"I think one thing you've seen in baseball over the last few years is that turnarounds can happen pretty quickly," Ricketts said on the last day of the regular season in San Diego. "I don't think it's meaningful to describe a year as a rebuilding year or a reloading year or any of that.
"The fact is, [if] you get the right players on the team and they all stay healthy and they play hard, a team can go from 70 wins to 90 wins. It happens pretty frequently. Look at the Diamondbacks, look at the Cubs a few years ago. Things turn around fast, and that's the way we look at things."
The Cubs went 71-91 in 2011 and finished 25 games out of first place, but hope that Epstein helps to spearhead a quick turnaround.
Though Epstein's Boston regime ended without a postseason victory in his final three seasons, the Red Sox having been swept in the 2009 AL Division Series, his tenure was memorable and largely successful. Epstein was hired on Nov. 25, 2002 -- making him at the time the youngest GM in baseball history at 28 years old.
His teams made it to the postseason six times.
In Epstein's first season, the Red Sox advanced to Game 7 of the 2003 American League Championship Series against the Yankees, holding a three-run lead with five outs to go, only to lose in 11 innings.
But all of the pain from that loss went away the following October, when the Red Sox became the first team in history to overcome a 3-0 deficit in a postseason series, defeating the Yankees in a seven-game ALCS and sweeping the Cardinals in the World Series.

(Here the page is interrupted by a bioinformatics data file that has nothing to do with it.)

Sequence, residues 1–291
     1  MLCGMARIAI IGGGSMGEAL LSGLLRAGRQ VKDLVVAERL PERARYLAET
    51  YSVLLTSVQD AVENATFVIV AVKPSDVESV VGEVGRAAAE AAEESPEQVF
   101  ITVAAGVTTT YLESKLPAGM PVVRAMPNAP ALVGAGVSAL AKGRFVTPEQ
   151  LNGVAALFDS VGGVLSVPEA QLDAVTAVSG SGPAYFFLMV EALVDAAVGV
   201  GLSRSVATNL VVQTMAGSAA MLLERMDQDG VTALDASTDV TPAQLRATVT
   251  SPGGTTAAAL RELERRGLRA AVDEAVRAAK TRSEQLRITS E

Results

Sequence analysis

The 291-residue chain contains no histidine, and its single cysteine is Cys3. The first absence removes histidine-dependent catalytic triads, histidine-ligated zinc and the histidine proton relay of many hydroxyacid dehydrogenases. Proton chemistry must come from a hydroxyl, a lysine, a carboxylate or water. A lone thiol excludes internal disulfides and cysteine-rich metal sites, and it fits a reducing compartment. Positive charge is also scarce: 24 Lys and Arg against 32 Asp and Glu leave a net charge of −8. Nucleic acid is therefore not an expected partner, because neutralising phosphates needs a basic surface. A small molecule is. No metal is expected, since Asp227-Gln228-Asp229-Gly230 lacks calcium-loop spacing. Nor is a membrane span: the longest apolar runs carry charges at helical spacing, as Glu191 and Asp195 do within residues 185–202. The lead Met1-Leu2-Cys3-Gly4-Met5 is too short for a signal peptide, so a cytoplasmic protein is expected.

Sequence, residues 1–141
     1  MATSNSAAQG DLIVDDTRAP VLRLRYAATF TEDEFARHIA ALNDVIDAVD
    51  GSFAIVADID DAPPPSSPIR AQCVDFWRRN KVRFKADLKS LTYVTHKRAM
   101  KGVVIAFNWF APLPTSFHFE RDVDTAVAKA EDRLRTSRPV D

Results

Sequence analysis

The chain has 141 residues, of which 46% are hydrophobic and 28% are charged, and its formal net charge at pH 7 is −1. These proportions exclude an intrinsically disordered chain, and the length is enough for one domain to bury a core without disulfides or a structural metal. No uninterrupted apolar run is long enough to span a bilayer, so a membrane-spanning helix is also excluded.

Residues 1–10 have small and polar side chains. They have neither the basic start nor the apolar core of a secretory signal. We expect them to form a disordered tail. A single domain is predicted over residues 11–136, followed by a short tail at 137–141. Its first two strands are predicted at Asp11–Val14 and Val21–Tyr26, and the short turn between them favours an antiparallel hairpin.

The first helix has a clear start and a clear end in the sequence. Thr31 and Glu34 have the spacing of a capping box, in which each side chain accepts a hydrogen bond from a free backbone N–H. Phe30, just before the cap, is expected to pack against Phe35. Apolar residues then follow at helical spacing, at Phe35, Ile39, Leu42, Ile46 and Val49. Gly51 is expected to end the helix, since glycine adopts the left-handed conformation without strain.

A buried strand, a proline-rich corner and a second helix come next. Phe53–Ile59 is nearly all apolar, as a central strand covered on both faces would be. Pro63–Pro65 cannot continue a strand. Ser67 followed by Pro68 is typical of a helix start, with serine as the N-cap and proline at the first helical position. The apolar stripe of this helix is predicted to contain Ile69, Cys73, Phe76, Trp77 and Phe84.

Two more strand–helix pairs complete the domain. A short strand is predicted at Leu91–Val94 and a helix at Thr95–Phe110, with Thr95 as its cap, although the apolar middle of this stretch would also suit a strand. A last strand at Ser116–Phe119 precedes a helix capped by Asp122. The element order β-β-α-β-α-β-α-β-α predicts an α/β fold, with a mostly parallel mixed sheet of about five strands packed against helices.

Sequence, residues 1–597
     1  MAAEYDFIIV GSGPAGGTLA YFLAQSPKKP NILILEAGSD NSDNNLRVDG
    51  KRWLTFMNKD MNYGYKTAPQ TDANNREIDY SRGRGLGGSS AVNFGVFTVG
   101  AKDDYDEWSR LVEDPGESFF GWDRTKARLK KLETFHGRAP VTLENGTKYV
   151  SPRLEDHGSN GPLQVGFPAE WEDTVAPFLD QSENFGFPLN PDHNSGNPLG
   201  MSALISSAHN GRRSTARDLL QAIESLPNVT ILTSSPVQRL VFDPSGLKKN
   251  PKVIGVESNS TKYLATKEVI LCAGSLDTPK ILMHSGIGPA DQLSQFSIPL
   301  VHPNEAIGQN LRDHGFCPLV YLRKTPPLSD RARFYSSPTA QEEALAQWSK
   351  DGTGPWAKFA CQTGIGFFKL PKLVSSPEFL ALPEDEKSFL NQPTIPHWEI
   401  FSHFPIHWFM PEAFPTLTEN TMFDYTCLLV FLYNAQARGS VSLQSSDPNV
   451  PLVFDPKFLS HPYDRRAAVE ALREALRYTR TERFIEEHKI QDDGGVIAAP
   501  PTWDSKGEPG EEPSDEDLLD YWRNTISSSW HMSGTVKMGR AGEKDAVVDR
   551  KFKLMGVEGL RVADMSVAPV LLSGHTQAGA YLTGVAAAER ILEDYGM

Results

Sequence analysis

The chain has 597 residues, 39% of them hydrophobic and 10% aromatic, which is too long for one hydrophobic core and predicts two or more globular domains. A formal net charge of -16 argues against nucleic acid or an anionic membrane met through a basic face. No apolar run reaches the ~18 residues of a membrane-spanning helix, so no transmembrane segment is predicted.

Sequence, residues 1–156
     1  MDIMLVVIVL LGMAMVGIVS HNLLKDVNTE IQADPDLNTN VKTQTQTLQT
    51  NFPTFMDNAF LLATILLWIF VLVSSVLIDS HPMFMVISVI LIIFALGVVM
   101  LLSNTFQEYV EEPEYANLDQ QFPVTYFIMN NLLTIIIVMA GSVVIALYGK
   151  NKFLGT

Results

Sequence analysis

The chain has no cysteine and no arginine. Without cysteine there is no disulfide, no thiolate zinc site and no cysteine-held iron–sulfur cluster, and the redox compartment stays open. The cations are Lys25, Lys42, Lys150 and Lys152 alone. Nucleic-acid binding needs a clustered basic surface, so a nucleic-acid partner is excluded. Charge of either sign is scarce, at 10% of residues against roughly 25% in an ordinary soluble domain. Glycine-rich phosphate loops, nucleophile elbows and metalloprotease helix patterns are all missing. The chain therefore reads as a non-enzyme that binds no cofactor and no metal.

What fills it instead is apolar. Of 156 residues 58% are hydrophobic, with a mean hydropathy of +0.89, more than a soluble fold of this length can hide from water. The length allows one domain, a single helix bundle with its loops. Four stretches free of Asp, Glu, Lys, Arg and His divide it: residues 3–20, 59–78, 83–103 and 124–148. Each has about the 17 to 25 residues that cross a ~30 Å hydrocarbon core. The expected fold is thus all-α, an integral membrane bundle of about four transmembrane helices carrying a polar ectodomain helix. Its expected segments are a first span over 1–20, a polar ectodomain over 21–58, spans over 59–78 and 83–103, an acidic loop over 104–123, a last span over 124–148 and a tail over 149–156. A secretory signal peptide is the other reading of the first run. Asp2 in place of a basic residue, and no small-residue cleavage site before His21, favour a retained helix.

Three years later, the Sox again won it all, overcoming a 3-1 deficit to the Indians in the ALCS and this time sweeping the Rockies in the World Series.
In 2008, the Sox were again on the brink of getting to the World Series, only to lose Game 7 of the ALCS to the Rays.
But the momentum changed the past three seasons. The 2009 Sox were swept in the Division Series by the Angels. The past two years, the Sox didn't make the postseason.
Less than 48 hours after the 2011 season ended with a walk-off loss in Baltimore, Francona and the Red Sox had a mutual parting of the ways.
Epstein -- who grew up in Brookline, Mass., about two miles from Fenway Park -- had come under fire the past couple of years for the lack of success of major free-agent signings.
John Lackey, who left the Angels and signed a five-year, $82.5 million contract with the Sox in December 2009, has struggled mightily since his arrival.
Crawford had a near-season-long slump in 2011, hitting .255 with 11 homers, 56 RBIs and a .289 on-base percentage.
When Epstein joined the Red Sox, he proclaimed that the franchise would turn into a scouting and player-development machine.
He backed that up, as Boston produced homegrown stars like Jonathan Papelbon, Pedroia, Ellsbury and Jon Lester.
However, Boston's farm system has experienced a lull at the upper levels the past couple of years, and Epstein used three top prospects to land Gonzalez, a move that has looked good so far. Epstein also traded a developing Masterson on July 31, 2009, to acquire Victor Martinez, who was an impact hitter during his year-and-a-half stay in Boston. Masterson is now a cornerstone in the Indians' rotation.
The last time Epstein left the Red Sox in 2005 -- he escaped Fenway Park on Halloween wearing a gorilla suit -- he returned two months later.
This time, however, there is no turning back, as the separation between Epstein and the Red Sox is very real.